AppleScript is a language that predates the Mac as we know it today, originating in 1993. While other scripting languages have more fully featured libraries and more robust syntax, the power of AppleScript is for automating Mac applications.
Any Mac application can include a scripting dictionary, and many that ship with macOS do. A scripting dictionary lets scripts know what items the app contains, and what actions can be performed.
A script can then use that information to automate repetitive tasks, and to form a “glue” between different apps, forming fully customizable workflows.
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Your first AppleScript
Open Script Editor.
With Mac OS X Leopard and earlier, and OS X Yosemite and later, Script Editor is located at
Between Mac OS X Snow Leopard and OS X Mavericks inclusive, Script Editor is AppleScript Editor.
Enter the following line of code:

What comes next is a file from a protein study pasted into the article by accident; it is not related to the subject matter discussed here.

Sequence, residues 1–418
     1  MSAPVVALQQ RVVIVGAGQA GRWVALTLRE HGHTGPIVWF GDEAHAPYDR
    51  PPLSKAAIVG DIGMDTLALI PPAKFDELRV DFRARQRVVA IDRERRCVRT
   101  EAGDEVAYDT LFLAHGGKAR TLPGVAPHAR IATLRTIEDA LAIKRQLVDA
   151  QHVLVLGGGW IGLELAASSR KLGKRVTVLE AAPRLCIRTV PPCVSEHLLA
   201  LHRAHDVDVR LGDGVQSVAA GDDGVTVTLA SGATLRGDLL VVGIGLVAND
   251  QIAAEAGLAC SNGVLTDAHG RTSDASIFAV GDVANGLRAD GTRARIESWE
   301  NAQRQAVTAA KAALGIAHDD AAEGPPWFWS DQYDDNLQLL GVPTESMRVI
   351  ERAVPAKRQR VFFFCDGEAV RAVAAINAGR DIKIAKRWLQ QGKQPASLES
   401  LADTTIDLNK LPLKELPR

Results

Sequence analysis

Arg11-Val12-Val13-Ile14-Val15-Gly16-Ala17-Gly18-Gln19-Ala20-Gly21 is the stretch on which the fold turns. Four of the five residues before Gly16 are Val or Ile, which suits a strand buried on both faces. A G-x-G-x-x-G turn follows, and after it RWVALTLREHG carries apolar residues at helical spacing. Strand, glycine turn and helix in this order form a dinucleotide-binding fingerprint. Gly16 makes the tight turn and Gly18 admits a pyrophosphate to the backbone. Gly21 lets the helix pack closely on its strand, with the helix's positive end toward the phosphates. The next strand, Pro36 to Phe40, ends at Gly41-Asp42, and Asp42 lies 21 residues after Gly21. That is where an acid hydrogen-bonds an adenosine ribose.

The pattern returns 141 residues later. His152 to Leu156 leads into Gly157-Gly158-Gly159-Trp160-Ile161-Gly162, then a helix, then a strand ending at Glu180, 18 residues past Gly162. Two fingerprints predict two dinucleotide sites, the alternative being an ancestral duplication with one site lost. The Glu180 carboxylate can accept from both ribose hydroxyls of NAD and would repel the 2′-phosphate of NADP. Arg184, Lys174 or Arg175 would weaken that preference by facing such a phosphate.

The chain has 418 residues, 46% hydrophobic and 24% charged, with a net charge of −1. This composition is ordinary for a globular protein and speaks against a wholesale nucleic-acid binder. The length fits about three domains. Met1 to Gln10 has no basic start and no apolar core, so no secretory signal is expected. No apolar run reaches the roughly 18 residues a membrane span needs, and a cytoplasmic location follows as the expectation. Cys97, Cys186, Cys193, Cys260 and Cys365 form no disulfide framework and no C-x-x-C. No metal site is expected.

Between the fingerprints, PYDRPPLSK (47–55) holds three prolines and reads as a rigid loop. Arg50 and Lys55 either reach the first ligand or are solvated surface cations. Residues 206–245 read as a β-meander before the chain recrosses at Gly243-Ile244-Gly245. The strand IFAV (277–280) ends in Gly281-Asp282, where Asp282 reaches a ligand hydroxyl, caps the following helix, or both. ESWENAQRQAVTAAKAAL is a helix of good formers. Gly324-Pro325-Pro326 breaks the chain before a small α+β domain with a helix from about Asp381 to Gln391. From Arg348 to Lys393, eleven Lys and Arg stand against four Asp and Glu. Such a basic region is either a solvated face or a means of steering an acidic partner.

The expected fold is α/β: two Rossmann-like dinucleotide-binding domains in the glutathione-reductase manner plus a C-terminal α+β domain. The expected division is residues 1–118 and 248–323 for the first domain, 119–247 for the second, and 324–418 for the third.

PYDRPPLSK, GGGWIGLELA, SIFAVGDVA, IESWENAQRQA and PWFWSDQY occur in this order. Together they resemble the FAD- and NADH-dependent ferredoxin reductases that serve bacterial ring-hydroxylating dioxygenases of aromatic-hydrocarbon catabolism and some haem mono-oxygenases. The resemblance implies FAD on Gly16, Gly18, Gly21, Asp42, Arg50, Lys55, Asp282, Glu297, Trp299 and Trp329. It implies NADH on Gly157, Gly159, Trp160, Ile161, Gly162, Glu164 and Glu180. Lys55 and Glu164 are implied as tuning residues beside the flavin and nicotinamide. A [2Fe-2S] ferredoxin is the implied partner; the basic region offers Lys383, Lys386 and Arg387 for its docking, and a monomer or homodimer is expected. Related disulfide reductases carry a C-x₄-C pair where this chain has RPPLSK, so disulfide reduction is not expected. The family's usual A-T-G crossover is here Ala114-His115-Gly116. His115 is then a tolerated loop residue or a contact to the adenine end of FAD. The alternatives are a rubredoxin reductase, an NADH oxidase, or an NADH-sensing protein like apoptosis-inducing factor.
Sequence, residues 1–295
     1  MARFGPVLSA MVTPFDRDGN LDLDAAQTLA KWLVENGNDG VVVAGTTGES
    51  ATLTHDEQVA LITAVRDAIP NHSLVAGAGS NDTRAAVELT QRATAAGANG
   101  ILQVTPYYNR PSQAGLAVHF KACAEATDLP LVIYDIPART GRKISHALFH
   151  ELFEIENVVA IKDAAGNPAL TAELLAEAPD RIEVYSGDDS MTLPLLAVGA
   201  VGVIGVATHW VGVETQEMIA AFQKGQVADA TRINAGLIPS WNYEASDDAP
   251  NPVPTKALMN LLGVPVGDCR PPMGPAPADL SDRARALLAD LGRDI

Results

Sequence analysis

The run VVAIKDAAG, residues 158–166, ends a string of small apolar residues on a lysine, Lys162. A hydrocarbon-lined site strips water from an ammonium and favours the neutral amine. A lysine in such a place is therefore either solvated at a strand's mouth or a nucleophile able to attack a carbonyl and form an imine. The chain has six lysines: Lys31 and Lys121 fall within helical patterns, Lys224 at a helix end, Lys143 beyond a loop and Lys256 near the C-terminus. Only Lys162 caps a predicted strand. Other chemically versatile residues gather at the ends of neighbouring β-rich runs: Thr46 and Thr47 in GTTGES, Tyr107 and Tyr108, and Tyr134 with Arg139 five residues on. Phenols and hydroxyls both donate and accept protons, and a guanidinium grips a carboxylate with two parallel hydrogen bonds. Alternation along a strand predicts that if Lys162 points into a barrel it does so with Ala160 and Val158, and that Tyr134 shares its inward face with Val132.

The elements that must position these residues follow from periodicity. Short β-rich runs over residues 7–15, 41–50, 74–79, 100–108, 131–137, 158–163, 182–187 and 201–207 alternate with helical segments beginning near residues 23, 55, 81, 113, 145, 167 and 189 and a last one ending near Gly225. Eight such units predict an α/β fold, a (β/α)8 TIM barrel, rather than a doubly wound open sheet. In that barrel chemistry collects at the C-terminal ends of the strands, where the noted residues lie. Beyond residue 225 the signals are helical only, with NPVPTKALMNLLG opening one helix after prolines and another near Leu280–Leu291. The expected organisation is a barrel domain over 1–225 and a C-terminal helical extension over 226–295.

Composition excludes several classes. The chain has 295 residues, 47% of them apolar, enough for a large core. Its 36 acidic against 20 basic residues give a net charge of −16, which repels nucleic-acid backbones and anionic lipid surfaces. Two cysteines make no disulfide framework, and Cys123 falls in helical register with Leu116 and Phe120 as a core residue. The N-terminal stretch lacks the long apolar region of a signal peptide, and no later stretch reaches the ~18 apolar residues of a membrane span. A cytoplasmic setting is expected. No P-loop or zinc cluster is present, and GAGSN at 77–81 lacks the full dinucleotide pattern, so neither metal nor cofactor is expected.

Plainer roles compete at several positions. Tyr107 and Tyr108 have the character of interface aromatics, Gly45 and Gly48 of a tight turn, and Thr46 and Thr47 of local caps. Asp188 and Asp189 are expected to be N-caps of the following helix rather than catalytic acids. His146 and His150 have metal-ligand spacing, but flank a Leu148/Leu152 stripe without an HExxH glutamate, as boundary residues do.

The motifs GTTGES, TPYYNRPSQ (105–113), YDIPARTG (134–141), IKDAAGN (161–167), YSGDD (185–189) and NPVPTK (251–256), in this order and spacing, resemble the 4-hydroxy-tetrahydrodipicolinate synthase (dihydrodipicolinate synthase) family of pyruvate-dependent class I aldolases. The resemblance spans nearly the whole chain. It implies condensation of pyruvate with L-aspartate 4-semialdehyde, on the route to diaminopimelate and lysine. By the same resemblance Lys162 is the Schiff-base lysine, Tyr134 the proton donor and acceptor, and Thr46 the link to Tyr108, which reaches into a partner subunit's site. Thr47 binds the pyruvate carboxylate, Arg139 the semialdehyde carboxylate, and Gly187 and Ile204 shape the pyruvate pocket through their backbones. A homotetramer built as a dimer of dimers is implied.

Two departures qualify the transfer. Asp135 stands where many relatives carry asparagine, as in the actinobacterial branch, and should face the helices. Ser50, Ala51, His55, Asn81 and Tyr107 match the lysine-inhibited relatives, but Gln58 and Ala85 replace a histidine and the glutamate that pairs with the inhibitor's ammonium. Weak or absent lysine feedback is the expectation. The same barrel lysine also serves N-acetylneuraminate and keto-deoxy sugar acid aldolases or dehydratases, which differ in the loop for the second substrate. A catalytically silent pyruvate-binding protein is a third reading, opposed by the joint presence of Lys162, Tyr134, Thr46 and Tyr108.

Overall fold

display dialog "Hello World"
Click the run button.
Two things happen: Script Editor compiles your script (if there are any errors, it’ll let you know what’s wrong and where), and then runs it.
You will now be shown a dialog saying “Hello World”.
You’ve completed your first script!
What the code does:
display dialog is one command, though it uses two words. This is common in AppleScript, unlike other languages which commonly require joining words together with no spaces. The
display dialog command tells AppleScript to display a pop-up dialog.
This last part in “double quotes” tells the script what text to display.
Exploring scripting dictionaries
The power of AppleScript lies in being able to automate many Mac applications. To find out what you can automate, you need to read an app’s scripting dictionary.
To do so, launch Script Editor, and select File > Open Dictionary…
Once you choose an app, its dictionary will open up in a new window. At the top of the window, you’ll see a column view (like Finder’s). The first column contains various “suites” of AppleScript terminology. The “Standard Suite” contains items that apply to most apps (e.g.